Leading the Notwar Kinetic Action from behind

“Leading from behind” — the Obama Administration’s latest foreign policy for dealing with Libya and presumably other unpleasantness in the Middle East – is an outstanding example of the spinspeak phyla wimpspeak.

It is, of course, something of a reversal of the hoary notion that commanders  normally  inspire their troops by leading from the front,  or at least  making some effort to look as if that is what they are doing. So-called  pure “chateau leadership”  even in 21st Century warfare is still looked down upon by warriors in the field.

However,  this newly announced spinspeak is fully consistent with the previous Obama proclamation  that an  initial  launch of hundreds of Tomahawks at Libya was “not a war” but a “kinetic military action.”  After all, from where else would you lead “not a war” but from the rear.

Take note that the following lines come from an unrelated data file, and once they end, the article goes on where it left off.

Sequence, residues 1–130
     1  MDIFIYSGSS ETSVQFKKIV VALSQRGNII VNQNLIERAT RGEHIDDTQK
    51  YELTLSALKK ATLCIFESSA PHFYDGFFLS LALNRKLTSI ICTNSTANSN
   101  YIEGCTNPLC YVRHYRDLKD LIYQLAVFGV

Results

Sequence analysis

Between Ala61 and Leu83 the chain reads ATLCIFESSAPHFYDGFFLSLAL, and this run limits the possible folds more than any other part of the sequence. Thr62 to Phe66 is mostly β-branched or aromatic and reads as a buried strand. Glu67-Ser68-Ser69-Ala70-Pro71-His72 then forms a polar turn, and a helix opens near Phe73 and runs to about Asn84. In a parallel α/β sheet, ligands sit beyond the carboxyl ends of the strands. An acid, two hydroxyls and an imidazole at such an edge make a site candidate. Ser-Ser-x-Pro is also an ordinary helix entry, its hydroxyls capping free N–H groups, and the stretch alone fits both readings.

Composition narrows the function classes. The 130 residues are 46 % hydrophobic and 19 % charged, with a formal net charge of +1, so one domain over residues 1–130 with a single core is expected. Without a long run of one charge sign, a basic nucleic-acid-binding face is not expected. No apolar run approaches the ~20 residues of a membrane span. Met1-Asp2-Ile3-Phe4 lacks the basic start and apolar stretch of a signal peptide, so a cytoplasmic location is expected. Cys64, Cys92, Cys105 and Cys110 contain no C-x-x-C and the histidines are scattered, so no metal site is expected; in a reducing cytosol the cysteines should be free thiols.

Apparently, the Obama Administration  has been  studying the writings  of the British military expert, Sir William S. Gilbert.  His sage counsel :

In enterprise of martial kind
When there was any fighting,
He led his regiment from behind –
He found it less exciting.
But when away his regiment ran,
His place was at the fore, O-
That celebrated,
Underrated nobleman,
The Duke of Plaza-Toro.

When to evade destruction’s hand
To hide they all proceeded,
No soldier in that gallant band
Hid half as well as he did.
He lay concealed throughout the war
And so preserved his gore O!
That unaffected
Well-connected warrior
The Duke of Plaza- Toro

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